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Both the expressions 探望 and 看 are, in an appropriate context, translated as "to visit". I haven't been able to figure out the difference between the two. When does one use 探望, when does one use 看?

  • 探望 means that the person you are visiting is in a bad situation; 看 is more general. For instance, 'visiting a doctor' is always 看医生 and never 探望医生; 'visiting a patient in the hospital' is usually 探望病人. – user58955 Aug 31 '14 at 15:15
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「探望」has a tendency to describe visits which "aims to make somebody happy or feel better", like visiting a relative/close friend whom you haven't visited for quite a while (not required), or visiting somebody in a bad situation (e.g. injured/ill). In this case, both「探望」and「看」can be used.

In most other cases, using「看」may be more appropriate, for example: to visit a doctor (due to sickness) (as mentioned by @user58955) (note, it can be correct to say「探望醫生」when you are visiting a doctor to thank one for healing you, for example), to visit an exhibition. There might be exceptions but I can't think of any now.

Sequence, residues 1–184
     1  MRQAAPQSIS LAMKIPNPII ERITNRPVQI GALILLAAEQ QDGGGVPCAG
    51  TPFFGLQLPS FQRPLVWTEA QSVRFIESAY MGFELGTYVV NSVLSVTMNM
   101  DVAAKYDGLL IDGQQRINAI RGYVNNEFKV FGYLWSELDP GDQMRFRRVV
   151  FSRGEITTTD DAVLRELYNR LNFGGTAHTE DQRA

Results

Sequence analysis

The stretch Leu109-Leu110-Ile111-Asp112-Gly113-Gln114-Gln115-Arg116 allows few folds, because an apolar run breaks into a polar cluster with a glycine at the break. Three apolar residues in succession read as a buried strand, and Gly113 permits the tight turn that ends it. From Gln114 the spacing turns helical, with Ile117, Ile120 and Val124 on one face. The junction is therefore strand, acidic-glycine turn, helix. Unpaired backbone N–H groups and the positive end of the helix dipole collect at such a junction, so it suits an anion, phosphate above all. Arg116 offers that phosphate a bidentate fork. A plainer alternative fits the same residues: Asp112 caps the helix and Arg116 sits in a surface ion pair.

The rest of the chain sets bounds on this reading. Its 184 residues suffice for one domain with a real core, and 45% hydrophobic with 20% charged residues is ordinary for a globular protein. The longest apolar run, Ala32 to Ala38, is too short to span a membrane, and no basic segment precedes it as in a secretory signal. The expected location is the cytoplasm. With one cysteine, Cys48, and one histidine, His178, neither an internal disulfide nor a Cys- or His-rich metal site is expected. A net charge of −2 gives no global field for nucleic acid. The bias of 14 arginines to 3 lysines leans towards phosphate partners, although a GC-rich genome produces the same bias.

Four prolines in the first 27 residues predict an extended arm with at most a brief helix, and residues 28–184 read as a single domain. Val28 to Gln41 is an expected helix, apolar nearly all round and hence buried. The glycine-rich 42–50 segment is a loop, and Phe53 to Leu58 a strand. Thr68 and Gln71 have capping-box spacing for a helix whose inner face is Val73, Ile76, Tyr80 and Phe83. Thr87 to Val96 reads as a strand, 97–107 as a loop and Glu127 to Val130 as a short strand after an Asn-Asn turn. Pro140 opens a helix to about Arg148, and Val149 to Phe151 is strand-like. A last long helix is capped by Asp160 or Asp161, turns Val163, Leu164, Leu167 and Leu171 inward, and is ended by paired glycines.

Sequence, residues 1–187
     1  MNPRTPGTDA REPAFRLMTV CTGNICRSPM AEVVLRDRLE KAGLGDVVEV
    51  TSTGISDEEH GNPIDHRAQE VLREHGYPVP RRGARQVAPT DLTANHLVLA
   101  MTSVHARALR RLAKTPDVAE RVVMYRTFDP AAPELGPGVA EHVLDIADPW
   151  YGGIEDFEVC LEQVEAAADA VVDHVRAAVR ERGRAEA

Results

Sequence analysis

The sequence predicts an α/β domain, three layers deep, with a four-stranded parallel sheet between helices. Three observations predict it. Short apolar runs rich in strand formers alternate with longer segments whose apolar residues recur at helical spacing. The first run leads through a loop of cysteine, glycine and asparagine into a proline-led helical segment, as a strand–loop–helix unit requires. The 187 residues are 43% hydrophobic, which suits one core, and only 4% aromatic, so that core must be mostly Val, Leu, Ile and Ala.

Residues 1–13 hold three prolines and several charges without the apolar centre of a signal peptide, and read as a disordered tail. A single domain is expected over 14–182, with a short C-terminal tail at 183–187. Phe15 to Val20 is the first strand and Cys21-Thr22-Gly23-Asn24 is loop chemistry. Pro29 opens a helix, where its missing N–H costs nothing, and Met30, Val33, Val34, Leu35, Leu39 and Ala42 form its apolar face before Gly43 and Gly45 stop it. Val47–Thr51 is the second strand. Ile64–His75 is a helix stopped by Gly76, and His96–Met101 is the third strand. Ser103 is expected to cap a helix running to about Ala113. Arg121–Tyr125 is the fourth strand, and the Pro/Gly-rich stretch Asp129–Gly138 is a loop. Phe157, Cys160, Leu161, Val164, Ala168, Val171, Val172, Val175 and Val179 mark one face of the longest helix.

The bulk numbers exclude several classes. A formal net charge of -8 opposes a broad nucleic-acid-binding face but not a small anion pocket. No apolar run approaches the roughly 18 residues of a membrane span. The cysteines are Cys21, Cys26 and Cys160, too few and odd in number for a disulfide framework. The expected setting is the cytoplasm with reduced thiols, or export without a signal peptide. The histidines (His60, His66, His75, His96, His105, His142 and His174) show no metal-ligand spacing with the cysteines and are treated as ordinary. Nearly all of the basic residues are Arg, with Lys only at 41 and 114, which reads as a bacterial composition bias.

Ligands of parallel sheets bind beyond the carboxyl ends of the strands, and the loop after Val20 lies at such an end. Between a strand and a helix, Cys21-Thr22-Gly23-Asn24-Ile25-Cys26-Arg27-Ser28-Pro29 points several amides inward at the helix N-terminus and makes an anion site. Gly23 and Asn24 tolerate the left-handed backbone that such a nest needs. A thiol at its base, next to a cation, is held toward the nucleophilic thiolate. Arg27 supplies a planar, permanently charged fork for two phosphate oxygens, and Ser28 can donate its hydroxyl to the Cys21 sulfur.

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The words used are with fundamental differences: 看 to look; to take a look; out of all kinds of reasons; 望 to focus on watching usually with expectation and intention; 探 to exploit; to scout. 探望 is much stronger and emphasizing with purpose.

  • These two terms are highly contextual. Defining them in a vacuum would lead to misunderstanding and misuse. Just the word 探 itself has multifarious meanings and usages, (from spying to explore to visit) That is why you need 望, (watch, view, gaze) to narrow it down to "to visit", "to call upon", and the context would further narrow it down to the purpose for the visit. – Wayne Cheah Sep 20 '20 at 3:08
  • Exactly my confusion about teaching new word (in my other posts): just explain the meaning used in the context, or, explain as many as possible and "in this case, it means ... here". I use the first method. My material for students usually includes many old word: 的(2), 会(2), 打(3) all because it's different meaning (from previous encounter) in the context now. – James Liu 刘老师 Sep 20 '20 at 3:21

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